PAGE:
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Roe Intense for almost a year… and still Roe-ing.

We hit the ground running two months ago getting our home ready for sale. We put it on the market June 26th and kept it in tip-top shape for a solid month. We’re happy to announce that it has sold. What a headache that was.

Yet, through all that headache and my own tendencies to get really whiney, I received some subtle reminders about my blog. People wanted new stuff. And they want to know about money. And how we’re doing. I can handle that, no matter how emo I feel sometimes. EmoBunny

People care about results. Cold, hard results. And warm fuzzy results. My wife and I have produced many results as we have ploughed into our debt like a kid in a bubble soccer match. 

As of September 21st, I will have been delivering pizzas for a year.

October 1 of last year, I posted that our payoff date was calculated to November 2015 or sooner. We had just got the balance of the credit card down to $3,000. Meredith’s student loan had hovered around $11,000 or so. My student loan was $18,000. That’s $32,000 of total debt to pay off in a supposed 14 months.

Here’s where we stand:

Halfway between then and now, Ruth was diagnosed with an epigastric hernia. The total bill on that was $6,000. The hospital reviewed our case and took off 75% of the cost. Thus the hospital bill.

We’ve conducted major repairs on both vehicles since the Roe Intensity began. We’ve sold my guitar, furniture, and other sundry items. Even our house.

Speaking of the house, selling it was costly. Our total repair bill was in the neighborhood of $2,500. And I just learned today that I am going to be caulking our concrete and putting in a handrail.

With all those setbacks, we’ve gone from $32,000 total in debt to $18,350. That comes out to an average of just under $1,670 paid toward debt every month. To be out of debt by June 2016, we will need to make $1,835 debt payments every month until then. That involves making more money than we now do with my two jobs, my translations, Meredith’s job, her sales… current income as it stands in general. If we offer to clean out your gutters, don’t take it personal. The more people we ask, the more likely we are to find someone willing to part with $20 to do it.

This money stuff is a race to beat all races, and statistically, most of us are running in the wrong direction. The direction we’re running is the easy one with the wide roads. It’s the one with the junk food vendors that will sell you a snack. Don’t worry about being broke. They take credit.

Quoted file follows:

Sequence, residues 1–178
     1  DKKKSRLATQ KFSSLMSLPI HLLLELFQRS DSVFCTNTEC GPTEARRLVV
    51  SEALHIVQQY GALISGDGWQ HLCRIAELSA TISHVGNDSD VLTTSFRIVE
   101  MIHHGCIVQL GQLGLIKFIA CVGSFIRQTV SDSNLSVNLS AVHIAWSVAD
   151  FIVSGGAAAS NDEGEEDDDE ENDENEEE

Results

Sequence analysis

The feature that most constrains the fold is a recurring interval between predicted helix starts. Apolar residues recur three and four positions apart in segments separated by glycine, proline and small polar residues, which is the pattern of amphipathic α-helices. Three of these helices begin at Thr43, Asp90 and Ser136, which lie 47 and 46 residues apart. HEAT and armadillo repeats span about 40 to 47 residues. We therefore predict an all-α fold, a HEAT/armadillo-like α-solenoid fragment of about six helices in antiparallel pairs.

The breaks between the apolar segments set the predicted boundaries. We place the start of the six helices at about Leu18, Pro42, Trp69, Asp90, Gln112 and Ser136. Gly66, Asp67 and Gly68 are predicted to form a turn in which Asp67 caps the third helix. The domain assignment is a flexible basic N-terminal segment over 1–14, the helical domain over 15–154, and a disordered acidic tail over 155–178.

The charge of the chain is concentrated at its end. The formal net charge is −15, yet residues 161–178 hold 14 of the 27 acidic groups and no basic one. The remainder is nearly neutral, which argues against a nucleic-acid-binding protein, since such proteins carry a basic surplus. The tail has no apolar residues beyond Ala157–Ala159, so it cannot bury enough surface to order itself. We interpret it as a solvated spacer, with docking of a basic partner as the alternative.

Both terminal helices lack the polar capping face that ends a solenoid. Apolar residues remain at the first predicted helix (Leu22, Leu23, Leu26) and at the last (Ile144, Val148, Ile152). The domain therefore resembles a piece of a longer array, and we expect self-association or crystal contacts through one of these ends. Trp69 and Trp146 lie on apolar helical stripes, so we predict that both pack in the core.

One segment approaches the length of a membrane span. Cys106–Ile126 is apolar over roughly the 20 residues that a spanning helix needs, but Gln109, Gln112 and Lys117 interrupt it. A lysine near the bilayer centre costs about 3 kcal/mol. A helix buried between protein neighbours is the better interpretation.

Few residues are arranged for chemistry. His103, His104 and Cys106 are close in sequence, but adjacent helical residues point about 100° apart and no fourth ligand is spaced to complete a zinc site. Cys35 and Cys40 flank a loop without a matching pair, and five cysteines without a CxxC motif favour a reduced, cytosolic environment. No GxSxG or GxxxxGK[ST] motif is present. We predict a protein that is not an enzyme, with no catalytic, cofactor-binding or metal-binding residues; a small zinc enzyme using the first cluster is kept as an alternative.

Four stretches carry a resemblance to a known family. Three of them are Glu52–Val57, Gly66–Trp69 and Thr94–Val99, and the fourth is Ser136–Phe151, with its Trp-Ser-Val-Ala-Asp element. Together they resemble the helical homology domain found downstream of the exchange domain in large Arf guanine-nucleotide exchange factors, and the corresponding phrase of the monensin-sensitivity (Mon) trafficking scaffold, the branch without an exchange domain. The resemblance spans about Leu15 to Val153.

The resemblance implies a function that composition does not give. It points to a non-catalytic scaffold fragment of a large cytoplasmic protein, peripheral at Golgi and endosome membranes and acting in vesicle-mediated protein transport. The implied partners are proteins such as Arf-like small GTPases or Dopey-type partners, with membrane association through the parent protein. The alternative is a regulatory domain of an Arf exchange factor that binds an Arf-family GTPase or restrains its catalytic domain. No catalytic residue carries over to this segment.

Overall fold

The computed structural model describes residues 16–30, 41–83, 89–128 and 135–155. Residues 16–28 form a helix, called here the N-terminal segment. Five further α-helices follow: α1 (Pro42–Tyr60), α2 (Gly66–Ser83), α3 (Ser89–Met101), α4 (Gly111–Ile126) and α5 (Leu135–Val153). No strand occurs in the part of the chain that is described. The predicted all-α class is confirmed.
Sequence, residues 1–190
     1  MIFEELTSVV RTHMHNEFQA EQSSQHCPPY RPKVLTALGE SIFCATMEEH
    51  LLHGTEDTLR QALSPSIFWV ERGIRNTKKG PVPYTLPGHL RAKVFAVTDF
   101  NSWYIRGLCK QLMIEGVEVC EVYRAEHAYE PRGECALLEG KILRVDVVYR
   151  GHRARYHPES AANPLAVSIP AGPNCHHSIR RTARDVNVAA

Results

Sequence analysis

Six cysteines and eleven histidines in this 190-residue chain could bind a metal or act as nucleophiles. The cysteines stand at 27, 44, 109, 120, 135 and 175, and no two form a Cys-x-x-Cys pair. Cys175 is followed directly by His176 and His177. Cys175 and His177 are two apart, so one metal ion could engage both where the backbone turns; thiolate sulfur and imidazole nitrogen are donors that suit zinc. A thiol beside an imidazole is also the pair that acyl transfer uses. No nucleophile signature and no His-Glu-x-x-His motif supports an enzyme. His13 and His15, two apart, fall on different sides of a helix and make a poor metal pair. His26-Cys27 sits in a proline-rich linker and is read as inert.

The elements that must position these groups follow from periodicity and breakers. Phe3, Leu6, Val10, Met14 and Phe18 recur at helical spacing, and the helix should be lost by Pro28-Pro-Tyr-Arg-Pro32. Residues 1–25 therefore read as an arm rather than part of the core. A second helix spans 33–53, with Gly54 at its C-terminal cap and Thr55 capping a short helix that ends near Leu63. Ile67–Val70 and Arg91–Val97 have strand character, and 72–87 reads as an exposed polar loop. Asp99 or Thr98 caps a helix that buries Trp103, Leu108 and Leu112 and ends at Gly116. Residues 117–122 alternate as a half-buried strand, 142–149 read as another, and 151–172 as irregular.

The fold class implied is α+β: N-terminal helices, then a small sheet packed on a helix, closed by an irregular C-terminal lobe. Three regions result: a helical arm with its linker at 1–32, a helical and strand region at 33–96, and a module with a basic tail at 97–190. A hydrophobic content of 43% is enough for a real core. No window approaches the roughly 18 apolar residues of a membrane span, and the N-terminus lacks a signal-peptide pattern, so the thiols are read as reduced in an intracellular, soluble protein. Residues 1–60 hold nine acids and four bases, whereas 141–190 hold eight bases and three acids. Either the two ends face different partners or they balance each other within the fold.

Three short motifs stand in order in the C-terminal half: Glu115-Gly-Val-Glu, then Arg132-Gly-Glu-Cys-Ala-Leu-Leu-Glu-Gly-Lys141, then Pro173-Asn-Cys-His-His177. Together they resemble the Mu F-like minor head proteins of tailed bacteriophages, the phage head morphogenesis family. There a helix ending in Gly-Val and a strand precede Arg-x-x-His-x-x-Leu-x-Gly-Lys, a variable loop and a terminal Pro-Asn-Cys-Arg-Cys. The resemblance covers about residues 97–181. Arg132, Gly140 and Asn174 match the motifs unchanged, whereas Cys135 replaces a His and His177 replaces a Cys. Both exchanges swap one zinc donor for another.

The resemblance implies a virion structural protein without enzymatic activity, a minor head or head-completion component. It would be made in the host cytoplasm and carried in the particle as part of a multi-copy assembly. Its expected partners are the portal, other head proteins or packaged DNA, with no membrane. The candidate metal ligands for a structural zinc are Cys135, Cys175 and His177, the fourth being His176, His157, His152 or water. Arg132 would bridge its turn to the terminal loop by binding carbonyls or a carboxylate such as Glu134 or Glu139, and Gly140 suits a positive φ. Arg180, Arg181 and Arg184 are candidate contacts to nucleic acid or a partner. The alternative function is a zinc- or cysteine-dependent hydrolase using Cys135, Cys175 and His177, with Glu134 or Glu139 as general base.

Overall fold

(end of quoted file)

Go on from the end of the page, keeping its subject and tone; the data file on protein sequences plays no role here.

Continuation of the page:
I am turning around. That means uphill. That means heat, not from the sun, but from people around me. That means isolation from the lemming pack. I don’t feel inspired. I feel tired. I feel steeled. I’m not chipper those mornings when I go to work, knowing I am going to be off after 11 PM that night. But that’s the name of the race. And run I will. As I do, I will raise my voice and encourage everyone I can to turn around and run up hill, to quit spending their money on stuff that really doesn’t matter. To quit spending their money ahead of even having it. To quit cutting themselves off from the amount giving we need in this mess we call Consumerism.

Will you turn around? I doubt it. I can’t be unrealistic or I might get depressed. But I’m rooting for you. I’m pounding the pavement, raising my voice.

Check this out:

Pete Kostelnick of Lincoln, Nebraska, and Nikki Wynd of Lysterfield, Australia, won this year's Badwater Ultramarathon, the 135-mile race from Badwater Basin to the top of Mount Whitney in California. Kostelnick's time of 23:17:10 was just more than an hour faster than the men's winning time in 2013, the most recent previous run over the classic Badwater route. Wynd, who finished fourth overall in 27:23:27, surpassed the 2013 winning women's time by more than two and a half hours.

The weather gets so hot in Badwater Basin that the runners have to make sure their footfalls hit the middle of the white line on the side of the highways. You know why? Because the bottoms of their shoes melt on the asphalt if they don’t.

The altitude goes from the lowest place in the continental U.S. to over 8,000 feet. Come on people. Think. That’s 135 miles uphill.

And yet here’s a Nebraskan that thumbed his nose at those temperatures, those altitudes, those strange other people and kept on running. Kostelnick finished 135 miles and won the race.

I don’t know how he felt, but my guess is he was at least a little focused. He probably encouraged others to keep going. He probably felt a rush crossing that finish line almost a full 24 hours after starting. He probably also felt like quitting once or twice. 

The similitudes are uncanny. Finances drive us to some of the lowest lows of our lives. Reversing our financial problems takes us to some of the highest highs. The difficulties are great. The weirdos are many. But there we all are. Christ stands at the gate to the road to the top with arms outstretched, telling everybody to get in and keep running.

I’m tired of being broke. Actually, I’m sort of rested from being broke. Meredith and I haven’t been paycheck to paycheck for years now. But broke we still are. Negative net worth = broke. Don’t lie to yourself.

Broke people can’t feed hungry kids.

Broke people can’t build homes for the homeless.

Broke people can’t fund orbital satellites that reveal key military information in the fight against CRAZY VIOLENT PEOPLE in already terrified nations.

Broke people can’t raise a not-broke generation.

We’re a nation of debt-broke people. Heck, our nation is debt-broke.

OUR family almost isn’t. We’re almost done with debt. For good. Debt is bad. Come join us. It’s hard, but the uphill part isn’t forever, and it gets easier.

Or you can just be Emo about it. Your choice. But your money problems are on you, nobody else.



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